There are not many “taboos” for me as a reader, and I am an avid fan of dark psychological thrillers, graphic crime fiction, and serial killer thrillers that describe wide ranges of pathology and psychopathy. That said, there is a single “trigger” that will put me off in a New York second. It is cruelty to animals. That said, I managed to make it through reading portions of Jason’s back story that made me inwardly cringe. The genesis of Eden and Eric as the reader follows the course of their development from young children to their teenage years is rough in spots due to Eric’s propensity for sadism and targeting of innocent creatures. It would have been easier for me to read about more setting fires and bedwetting (maybe bed-wetting and then setting the bed on fire). No, I gave Fox a “pass” on her unapologetic portrayal of the makings of a killer, and in this book, we are talking about multiple killers.
The element I enjoyed most in this debut novel was the portions dedicated to Hades, the criminal mastermind who both literally and figuratively ruled “the Underworld”. He was a passionate monster and an unscrupulous crippler and killer, but also a sociopath who could experience empathy. The back story of Eden and her brother Eric while they were in the care of Hades was compelling, chilling, and memorable. He was my favorite anti-hero in the book.
Insofar as Frank, his character never inspired sympathy nor admiration. The author made an attempt to redeem a few of his more despicable qualities toward the end of the book, and a sympathetic victim was deployed to effect this change. I couldn’t “feel it” but it did make me get past the only other “taboo” I have as a reader (the cold-hearted dispatch of a character in the book that has been sympathetic enough to engage the reader’s investment in their fate).
In the case of Eden and Eric, the ending was essentially a foregone conclusion to me. It was evident that despite their similarities in tutelage by Hades, there was a fundamental difference in their disturbed psyches and the way they were hard-wired. Eric is nothing if not a malignant narcissist and remorseless sadistic psychopath with no boundaries. It remains to be seen whether Eden has any capacity for empathy, but it is clear that she has a line she will not cross.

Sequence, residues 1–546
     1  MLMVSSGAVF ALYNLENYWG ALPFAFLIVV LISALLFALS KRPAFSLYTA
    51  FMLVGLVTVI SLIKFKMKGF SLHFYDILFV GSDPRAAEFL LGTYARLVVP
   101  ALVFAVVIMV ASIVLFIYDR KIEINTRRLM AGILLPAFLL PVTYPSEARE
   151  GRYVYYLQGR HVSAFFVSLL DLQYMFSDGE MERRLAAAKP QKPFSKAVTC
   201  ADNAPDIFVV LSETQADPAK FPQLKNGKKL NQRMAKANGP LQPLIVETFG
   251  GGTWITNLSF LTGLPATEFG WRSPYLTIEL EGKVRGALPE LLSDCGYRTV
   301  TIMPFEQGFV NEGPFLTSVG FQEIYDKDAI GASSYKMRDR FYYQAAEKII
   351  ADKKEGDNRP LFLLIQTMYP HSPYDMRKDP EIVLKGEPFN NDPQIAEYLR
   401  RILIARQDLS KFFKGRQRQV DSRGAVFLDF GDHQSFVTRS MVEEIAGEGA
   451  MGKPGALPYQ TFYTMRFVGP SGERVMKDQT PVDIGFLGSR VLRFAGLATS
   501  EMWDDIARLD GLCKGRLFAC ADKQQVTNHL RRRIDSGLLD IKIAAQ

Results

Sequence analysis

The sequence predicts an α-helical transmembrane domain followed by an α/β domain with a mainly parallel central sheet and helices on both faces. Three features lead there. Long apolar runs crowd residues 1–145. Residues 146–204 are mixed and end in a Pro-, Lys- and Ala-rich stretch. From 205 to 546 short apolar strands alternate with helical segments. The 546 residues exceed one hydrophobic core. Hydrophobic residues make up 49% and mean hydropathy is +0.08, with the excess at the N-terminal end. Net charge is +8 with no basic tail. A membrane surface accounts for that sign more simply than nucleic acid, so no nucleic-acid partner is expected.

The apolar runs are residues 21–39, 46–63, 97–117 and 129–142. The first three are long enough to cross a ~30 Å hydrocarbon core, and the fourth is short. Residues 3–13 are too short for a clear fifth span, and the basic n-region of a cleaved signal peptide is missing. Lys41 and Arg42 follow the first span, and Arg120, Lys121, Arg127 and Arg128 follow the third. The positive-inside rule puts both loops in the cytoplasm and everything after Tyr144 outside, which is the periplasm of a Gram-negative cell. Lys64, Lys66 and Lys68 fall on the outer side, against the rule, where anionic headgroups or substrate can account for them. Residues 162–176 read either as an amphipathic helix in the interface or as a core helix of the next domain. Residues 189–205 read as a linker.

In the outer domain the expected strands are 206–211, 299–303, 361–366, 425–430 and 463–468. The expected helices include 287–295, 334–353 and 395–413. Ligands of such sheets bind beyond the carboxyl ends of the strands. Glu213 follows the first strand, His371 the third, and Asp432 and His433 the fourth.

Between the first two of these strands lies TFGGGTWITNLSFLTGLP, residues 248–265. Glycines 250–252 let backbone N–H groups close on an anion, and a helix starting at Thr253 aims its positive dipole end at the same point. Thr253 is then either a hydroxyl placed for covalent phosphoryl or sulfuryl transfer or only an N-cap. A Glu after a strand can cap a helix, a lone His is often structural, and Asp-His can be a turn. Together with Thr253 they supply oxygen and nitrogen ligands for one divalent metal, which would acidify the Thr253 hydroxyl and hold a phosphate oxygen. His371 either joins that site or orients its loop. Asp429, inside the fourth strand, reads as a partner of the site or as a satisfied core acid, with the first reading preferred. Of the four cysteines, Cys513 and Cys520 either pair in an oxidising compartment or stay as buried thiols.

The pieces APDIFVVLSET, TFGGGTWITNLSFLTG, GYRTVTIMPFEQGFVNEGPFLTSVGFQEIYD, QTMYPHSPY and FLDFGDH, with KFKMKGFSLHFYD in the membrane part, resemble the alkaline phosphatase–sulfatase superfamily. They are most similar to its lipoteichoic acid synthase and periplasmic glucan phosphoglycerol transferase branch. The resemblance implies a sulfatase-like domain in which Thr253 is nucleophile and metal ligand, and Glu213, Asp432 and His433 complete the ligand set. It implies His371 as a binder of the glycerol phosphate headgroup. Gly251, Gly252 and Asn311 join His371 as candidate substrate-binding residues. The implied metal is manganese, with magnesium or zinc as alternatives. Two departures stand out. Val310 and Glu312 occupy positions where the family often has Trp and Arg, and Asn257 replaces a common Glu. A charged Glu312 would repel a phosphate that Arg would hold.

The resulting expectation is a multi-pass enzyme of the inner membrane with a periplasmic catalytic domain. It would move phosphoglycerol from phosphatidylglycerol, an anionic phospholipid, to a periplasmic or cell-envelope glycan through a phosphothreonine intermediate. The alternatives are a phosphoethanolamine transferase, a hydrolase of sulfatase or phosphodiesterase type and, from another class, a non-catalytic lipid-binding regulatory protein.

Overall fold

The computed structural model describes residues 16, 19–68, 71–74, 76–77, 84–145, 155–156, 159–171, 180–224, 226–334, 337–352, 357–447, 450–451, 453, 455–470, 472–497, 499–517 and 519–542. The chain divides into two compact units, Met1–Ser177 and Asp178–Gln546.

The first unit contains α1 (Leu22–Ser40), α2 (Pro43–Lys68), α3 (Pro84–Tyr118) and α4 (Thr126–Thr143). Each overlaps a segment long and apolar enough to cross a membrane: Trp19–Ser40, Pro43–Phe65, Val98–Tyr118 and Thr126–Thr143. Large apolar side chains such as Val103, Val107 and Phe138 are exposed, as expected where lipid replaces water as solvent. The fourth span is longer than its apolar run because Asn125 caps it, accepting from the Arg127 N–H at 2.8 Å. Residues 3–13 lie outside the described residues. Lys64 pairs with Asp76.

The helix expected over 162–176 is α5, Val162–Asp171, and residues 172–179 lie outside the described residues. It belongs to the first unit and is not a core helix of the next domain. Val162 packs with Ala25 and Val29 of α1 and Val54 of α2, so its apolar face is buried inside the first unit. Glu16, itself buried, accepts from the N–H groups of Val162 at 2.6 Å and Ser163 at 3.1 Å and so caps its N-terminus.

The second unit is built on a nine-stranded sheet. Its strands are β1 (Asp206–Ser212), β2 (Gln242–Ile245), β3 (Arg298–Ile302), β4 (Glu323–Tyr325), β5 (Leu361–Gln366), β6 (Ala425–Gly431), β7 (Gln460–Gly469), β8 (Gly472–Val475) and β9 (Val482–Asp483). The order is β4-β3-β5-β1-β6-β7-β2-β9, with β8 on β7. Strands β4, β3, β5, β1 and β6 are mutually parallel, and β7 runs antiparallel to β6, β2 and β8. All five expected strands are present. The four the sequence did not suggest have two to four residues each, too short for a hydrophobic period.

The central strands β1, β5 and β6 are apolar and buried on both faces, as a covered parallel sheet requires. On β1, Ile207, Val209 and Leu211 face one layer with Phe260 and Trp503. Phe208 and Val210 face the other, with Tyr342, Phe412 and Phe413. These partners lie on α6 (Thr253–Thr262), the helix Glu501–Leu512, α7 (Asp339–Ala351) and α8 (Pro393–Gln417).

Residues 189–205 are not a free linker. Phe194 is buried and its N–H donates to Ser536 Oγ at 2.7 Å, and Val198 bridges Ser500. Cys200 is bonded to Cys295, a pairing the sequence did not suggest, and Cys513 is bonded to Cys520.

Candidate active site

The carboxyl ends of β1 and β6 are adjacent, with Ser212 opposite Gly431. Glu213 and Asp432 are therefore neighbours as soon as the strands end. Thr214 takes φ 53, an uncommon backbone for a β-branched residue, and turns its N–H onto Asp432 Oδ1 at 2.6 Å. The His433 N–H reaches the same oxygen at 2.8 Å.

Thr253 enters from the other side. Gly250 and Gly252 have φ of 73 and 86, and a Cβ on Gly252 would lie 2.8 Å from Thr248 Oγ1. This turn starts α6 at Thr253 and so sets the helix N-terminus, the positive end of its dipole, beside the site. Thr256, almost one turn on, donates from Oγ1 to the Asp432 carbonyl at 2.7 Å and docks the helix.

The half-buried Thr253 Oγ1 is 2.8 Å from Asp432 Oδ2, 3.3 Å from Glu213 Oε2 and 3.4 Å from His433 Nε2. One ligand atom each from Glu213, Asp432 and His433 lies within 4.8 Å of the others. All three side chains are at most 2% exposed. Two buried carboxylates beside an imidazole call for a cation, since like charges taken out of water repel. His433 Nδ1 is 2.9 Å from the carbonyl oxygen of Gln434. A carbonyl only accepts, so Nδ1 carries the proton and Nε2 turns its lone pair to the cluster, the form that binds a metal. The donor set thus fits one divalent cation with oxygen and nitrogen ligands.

Overall, I feel like that this debut book was damn good. Vigilantism isn’t for everyone, that is every reader. I’m a die-hard fan of Dexter thus it is pretty obvious where I stand. All of us would like to believe in the justice system, and those among the throngs who have never had evil to reach out and touch their lives, never been violently victimized, or (I believe worst of all) had someone they love be plucked from their life at the whim of a heartless killer may continue to believe. Conversely, victims of senseless violent intrusions that scar them for life, render their heart a bleeding wasteland of loss…well, they may have that belief challenged.
Ironically, I was just reading in the TV Guide about Lawrence Bittaker being featured in a 2-Hour Special tonight wherein he gives an interview about his and partner Roy’s killing spree in Southern California in the late ‘70’s (“The Toolbox Killers”). He was described by the legendary FBI Special Agent John E. Douglas as the most disturbing individual for whom he had ever created a criminal profile. Bittaker was sentenced to death by a California jury in March 1981. He died of natural causes 38 years later at age 79 in San Quentin’s Death Row, just 3 months before his 80th Birthday. What’s wrong with that picture?
I plan to do a “first” for me and that is to buy Book 2 (EDEN) and read it back-to-back. I am genuinely interested in what happens moving forward with the homicide detective team of Frank and Eden. I would have rated this debut Five Stars but for the explicit excursions into animal cruelty.
Top reviews from other countries
If you like a good thriller with twists then give her a go ,I’m loving this author.